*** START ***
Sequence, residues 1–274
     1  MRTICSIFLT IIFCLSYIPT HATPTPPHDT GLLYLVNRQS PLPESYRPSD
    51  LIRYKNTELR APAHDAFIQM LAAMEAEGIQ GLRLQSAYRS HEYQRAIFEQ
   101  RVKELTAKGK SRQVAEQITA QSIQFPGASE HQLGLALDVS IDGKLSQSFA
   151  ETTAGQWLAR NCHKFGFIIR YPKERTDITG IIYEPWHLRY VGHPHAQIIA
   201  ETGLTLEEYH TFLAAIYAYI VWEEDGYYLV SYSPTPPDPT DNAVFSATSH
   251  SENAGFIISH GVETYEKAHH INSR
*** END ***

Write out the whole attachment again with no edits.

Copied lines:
Sequence, residues 1–274
     1  MRTICSIFLT IIFCLSYIPT HATPTPPHDT GLLYLVNRQS PLPESYRPSD
    51  LIRYKNTELR APAHDAFIQM LAAMEAEGIQ GLRLQSAYRS HEYQRAIFEQ
   101  RVKELTAKGK SRQVAEQITA QSIQFPGASE HQLGLALDVS IDGKLSQSFA
   151  ETTAGQWLAR NCHKFGFIIR YPKERTDITG IIYEPWHLRY VGHPHAQIIA
   201  ETGLTLEEYH TFLAAIYAYI VWEEDGYYLV SYSPTPPDPT DNAVFSATSH
   251  SENAGFIISH GVETYEKAHH INSR